The contributor is allocated a particular word and given the box(es) of slips containing the passages in which the word appears (cf. Thesaurus Material). With the help of modern editions, commentaries, and other literature, he or she checks all the examples of the word in relation to the manuscript tradition and the constitution of the text, and also to spelling, prosody, and grammatical form, with special attention to the meaning and usage of the word in each occurrence.
This interpretation of the material leads to the development of suitable categories for presenting the word and the formation of groups of related occurrences; these, arranged in the appropriate order, illustrate the history of this word.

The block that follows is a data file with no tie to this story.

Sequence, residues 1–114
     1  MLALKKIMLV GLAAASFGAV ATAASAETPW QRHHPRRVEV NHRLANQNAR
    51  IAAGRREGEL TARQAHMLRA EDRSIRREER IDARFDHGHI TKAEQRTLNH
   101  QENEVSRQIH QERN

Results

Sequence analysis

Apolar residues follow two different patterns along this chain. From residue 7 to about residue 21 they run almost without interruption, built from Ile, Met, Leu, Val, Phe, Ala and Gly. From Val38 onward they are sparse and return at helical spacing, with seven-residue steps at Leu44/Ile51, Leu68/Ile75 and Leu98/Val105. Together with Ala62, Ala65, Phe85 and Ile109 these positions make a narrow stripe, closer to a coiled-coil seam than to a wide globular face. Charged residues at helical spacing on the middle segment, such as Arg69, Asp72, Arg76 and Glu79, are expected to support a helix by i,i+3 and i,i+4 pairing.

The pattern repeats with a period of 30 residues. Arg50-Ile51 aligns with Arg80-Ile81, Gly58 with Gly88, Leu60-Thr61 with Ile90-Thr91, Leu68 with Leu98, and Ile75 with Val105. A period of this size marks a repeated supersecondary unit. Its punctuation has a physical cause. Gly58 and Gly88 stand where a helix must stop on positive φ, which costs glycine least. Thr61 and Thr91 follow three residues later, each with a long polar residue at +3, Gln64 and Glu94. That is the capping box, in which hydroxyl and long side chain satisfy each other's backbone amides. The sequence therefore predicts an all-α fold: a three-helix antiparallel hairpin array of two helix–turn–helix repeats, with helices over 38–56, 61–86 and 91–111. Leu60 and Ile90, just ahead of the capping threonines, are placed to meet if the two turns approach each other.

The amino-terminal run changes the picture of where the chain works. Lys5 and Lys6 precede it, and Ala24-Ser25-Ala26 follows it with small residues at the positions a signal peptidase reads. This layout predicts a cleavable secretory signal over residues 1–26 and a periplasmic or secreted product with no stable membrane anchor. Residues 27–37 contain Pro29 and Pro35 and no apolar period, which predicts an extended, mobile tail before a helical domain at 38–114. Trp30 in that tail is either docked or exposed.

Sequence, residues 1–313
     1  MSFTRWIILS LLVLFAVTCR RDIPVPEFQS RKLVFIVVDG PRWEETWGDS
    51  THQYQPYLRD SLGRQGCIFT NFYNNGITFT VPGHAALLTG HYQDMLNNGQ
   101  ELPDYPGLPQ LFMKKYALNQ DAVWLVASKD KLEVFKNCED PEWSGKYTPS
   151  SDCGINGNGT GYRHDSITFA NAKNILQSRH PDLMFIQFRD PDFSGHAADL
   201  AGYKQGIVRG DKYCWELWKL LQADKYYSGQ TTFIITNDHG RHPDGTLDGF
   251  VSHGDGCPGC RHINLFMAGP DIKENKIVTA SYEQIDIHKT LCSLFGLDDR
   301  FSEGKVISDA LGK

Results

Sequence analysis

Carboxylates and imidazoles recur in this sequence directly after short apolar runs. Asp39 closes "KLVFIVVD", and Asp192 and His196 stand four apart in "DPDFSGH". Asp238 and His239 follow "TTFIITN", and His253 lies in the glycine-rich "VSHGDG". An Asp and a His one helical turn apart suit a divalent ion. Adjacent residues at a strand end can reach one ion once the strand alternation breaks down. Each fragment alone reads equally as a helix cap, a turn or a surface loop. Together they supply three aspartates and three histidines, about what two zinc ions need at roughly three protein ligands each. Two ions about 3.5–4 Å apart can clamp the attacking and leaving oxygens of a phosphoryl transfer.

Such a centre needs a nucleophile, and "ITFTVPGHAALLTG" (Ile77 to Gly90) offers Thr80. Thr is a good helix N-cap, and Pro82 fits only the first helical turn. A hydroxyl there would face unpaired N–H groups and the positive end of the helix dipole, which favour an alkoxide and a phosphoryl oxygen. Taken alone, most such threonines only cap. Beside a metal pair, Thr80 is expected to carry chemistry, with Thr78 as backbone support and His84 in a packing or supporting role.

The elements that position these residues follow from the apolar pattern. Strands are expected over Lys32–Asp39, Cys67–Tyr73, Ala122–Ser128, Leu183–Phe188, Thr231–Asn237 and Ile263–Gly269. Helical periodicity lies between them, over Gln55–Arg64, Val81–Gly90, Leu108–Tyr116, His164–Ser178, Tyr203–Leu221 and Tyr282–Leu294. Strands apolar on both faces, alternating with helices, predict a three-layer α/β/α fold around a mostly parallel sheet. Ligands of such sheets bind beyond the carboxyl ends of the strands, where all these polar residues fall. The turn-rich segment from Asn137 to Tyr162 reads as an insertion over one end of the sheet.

The article, printed after revision by an editor and checking by the General Editor and external specialists, offers the user the sum of all the observations that have been made, mainly via attestations arranged according to meaning and usage; because the relevant context usually appears in the quotations, the results presented in the article can generally be verified straight away.
‘The TLL ... emerges as above all a human creation: a product of great learning and industry; in perpetual evolution, holding up a mirror to trends in scholarship at large; and potentially fallible, as is the lot of all human endeavors.’
Roberta Stewart (Professor of Classical Studies, Dartmouth College, USA) uses the lemma recalcitro to explain in detail how a dictionary article is written (external link).